- The Washington Times - Friday, February 7, 2003

Richard Armitage is intent on downplaying the hysteria a good number of people seem to be making of North Korea. "We really are pushing back on the notion of 'crisis,'" the deputy secretary of state told senators on the Senate Foreign Relations Committee Tuesday. "Not so much because of Iraq but because why tell [Kim Jong Il] that he's got your attention?" Rather, Mr. Armitage prefers to call it a "big problem." The present U.S.-North Korea stand-off may be a big problem, but what's evident is that two crises are contributing to it.
The first is long-standing. It is entirely North Korea's, and it is a deep one. Thanks to mismanagement on a scale scarcely imaginable, the last wholly Stalinist state is crumbling to its core. Indeed, those aid organizations that work with refugees from the hermit kingdom say there is a decided temperament shift among refugees of late. Their anger is no longer directed at America and embargoes but at Kim Jong Il himself. While Mr. Kim has never shown an especial regard for his people, his own preservation is another matter entirely. This deepening crisis helps to explain why Pyongyang has once again resorted to nuclear blackmail.
But the second crisis is within the Bush administration, which has been positively schizophrenic in its dealings with Pyongyang. The latest reversal came Tuesday. After weeks of misguided talk of non-aggression oaths, the Bush administration let it be known that it is considering buttressing its military presence in Asia with more bombers, fighters, spy planes and, perhaps, troops.
While we're pleased to see that those administration officials who take a more skeptical view towards appeasement with Pyongyang are now asserting themselves, the constant shifting is an alarming demonstration that, internally, the Bush administration is far from agreement on North Korean policy. What's more, talk of military might is just as ill-conceived as January's conciliations. Worse still, it only plays into Pyongyang's hands. After all, what better way to give credence to North Korea's claim that the Yankee imperialists are set on destroying them than for the United States, already on the brink of a war in one theater, to bulk up its might in another? Indeed, an increased U.S. military presence in Asia only plays to the fears of those whom we are most trying to persuade, the Chinese and Russians. More unsettling, now North Korea has announced that it is prepared to strike "pre-emptively" against the United States.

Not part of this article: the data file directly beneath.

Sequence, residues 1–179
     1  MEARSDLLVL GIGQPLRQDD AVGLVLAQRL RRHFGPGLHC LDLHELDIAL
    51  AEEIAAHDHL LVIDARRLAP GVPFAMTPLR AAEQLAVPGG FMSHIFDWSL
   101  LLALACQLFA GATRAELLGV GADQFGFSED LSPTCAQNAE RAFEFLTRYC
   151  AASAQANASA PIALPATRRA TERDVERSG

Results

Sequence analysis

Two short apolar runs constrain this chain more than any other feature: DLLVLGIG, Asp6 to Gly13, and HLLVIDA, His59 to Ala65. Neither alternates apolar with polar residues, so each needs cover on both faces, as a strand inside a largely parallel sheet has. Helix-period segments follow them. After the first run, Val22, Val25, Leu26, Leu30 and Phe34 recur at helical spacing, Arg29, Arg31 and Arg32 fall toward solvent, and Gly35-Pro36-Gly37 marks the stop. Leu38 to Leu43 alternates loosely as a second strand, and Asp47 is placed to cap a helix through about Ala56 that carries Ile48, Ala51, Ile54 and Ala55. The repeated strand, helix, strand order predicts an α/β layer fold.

Before everyone's knees turn to jelly, it's worth pointing out that these two crises together do not create one big crisis, and that this is still well within the realm of diplomacy. North Korea's pre-emptive threat was not it's first and likely will not be its last. Pyongyang's goal has always been to secure money, and there's no reason to think that anything has changed. And despite the possible U.S. military deployment to Asia a measure that is just this side of provocative Bush administration officials have no intention of turning this into a military conflict.
Still, the Bush administration's ad hoc policy is only creating problems, and it would do well to take some deep breaths before acting further. There are new administrations in South Korea and China that have yet to fully grasp the levers of power. Until those governments are in a position to make decisive moves, any U.S. response to North Korea will not only be premature, it will reinforce the false conception that this is a bilateral rather than multilateral problem. At one point, the Bush administration seemed to understand this. As the "big problem" first unraveled in late December, Secretary of State Colin Powell said the United States would not take any actions until more reasonable signals came from Pyongyang and that when it did, the response would come from the international community as a whole. In this case, at least, first instincts were right.

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